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  25. Wow, that was beautiful. And, perfect timing. I started making quilts as a distraction due to an autoimmune disease which at 38 years old took me out of a "normal" life. I struggled daily until I began making quilts. Quilting gives me peace and pleasure and contentment. Up until now I have done it all by hand and due to the steroids that I take daily, I can't focus on one at a time and have several in different stages all the time. This results in usually lap quilts & wall hangings & baby quilts. I was made to feel today that my quilts weren't good enough because they are not bed sized. Does that matter? Working on that quilt gave me peace, purpose, pleasure, gratification and I am supposed to doubt it's authenticity because it is not bed sized? Thank you, thank you, thank you for validating me. :)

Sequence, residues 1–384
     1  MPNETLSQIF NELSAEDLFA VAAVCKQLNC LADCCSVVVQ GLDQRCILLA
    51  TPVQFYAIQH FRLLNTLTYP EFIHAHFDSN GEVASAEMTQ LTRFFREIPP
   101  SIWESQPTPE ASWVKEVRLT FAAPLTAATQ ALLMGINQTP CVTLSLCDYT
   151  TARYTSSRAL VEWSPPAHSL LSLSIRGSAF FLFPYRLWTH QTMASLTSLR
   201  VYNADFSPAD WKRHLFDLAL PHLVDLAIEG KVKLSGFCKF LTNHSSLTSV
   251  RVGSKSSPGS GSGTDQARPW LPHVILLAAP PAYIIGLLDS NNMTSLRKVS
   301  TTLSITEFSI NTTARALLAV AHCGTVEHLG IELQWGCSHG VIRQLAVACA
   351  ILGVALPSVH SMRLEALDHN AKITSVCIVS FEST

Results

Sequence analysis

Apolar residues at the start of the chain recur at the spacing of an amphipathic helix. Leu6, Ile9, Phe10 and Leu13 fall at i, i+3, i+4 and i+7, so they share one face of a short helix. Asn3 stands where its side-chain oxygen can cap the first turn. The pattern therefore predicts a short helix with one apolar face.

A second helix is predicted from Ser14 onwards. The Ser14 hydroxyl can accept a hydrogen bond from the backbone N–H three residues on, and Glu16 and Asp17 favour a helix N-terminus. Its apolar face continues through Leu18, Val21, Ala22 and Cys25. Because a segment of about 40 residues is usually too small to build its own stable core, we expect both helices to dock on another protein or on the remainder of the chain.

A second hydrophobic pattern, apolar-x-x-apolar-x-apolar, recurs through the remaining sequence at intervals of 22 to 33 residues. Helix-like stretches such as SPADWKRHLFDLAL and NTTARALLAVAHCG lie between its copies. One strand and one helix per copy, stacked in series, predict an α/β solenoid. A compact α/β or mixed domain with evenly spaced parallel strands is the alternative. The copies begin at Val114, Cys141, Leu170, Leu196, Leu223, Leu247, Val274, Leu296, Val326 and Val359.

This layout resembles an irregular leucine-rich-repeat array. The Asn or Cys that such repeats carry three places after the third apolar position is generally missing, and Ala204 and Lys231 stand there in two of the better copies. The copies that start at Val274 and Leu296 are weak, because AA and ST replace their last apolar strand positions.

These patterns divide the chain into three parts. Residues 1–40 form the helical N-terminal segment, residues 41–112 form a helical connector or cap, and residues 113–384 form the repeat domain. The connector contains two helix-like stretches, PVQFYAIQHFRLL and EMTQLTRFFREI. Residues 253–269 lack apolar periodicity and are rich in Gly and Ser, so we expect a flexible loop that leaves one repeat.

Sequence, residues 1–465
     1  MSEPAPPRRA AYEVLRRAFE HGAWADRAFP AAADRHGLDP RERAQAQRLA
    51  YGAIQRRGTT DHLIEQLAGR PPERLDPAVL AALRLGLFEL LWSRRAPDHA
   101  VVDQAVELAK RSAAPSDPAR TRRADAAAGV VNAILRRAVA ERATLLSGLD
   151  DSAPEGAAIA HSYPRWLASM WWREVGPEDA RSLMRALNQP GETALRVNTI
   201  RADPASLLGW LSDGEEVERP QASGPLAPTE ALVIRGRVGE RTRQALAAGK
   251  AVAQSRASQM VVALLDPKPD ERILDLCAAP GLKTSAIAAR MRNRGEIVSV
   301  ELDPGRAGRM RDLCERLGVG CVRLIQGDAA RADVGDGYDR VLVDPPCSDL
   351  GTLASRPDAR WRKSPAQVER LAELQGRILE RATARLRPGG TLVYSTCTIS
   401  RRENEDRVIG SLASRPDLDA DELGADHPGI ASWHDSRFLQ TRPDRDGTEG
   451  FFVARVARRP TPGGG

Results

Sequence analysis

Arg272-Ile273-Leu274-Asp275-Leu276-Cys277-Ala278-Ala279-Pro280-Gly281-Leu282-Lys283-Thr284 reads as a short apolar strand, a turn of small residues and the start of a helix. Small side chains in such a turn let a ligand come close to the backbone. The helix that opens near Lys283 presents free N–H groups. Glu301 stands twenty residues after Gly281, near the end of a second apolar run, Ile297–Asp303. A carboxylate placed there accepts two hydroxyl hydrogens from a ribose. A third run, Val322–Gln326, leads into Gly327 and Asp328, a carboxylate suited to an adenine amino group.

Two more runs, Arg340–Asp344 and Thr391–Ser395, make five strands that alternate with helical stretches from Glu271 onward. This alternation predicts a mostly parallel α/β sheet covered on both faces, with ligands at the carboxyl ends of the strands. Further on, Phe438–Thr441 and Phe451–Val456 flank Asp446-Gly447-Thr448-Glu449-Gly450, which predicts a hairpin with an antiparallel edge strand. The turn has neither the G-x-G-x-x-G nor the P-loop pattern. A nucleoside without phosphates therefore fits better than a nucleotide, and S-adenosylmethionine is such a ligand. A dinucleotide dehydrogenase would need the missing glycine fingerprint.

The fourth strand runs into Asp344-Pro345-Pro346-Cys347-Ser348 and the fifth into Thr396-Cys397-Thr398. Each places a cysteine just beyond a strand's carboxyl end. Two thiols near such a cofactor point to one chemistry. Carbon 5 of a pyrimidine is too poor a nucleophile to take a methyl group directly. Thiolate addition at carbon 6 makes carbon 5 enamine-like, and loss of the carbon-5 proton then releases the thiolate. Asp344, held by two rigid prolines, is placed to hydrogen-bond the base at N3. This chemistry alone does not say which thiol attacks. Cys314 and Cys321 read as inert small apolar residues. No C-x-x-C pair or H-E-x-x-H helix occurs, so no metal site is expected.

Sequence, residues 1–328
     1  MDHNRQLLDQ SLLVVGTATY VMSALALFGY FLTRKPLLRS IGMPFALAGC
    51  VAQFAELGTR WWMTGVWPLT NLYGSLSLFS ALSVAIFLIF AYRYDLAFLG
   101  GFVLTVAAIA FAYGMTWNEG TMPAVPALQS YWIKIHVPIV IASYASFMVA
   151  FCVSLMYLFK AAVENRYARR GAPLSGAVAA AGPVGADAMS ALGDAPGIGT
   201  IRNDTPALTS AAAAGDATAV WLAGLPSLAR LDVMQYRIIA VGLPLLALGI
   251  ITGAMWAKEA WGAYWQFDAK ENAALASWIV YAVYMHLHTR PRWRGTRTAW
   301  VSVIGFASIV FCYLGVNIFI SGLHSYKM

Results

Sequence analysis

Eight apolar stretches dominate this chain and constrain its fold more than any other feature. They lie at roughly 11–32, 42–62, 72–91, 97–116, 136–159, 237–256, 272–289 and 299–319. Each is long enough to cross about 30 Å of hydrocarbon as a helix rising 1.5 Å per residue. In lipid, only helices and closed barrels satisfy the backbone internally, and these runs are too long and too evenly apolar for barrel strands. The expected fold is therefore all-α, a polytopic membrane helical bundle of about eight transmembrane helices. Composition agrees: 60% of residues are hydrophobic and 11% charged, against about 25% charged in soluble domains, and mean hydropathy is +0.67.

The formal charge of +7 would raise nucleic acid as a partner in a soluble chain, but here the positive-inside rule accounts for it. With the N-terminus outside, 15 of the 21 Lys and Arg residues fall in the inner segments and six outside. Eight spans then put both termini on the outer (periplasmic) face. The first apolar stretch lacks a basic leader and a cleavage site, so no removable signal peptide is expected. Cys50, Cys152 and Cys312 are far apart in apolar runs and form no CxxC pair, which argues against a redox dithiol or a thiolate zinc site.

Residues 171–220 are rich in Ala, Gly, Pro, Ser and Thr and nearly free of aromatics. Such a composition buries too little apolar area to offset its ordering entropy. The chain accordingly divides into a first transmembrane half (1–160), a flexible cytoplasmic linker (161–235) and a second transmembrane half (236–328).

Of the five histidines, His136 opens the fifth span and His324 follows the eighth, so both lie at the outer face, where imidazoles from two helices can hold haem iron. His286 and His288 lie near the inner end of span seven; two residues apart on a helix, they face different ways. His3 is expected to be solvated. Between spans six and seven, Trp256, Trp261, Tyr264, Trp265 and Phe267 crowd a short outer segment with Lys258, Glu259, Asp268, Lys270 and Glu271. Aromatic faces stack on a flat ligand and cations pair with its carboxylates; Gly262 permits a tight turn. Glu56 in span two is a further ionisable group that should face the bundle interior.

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  26. Great post! You are so right, and said it so well! I work with a bunch of ladies who are learning to quilt as part of our church's quilt ministry, and have learned to encourage rather than discourage. Love goes into the quilts we make, even if they're not perfect! And quilting covers a multitude of sins, I've found! Keep up the good work - I'm going to start following your blog to keep up with your work!

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  27. That is the way I feel. I bet you have the same philosophy on life. I too have "friendly" quilts and I love the challenge of making them look as good as they can be. Sometimes while pulling my hair out, but I'm always happy when the customer is happy!

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  28. Miss Lisa YOU ROCK!!! I am proud to say that Lisa quilted my daughter's firt quilt for her now husband when you graduated Marine boot camp. And yes, she did bump us up to the top so it would be finished in time. That's just the way she is. We love you!!!!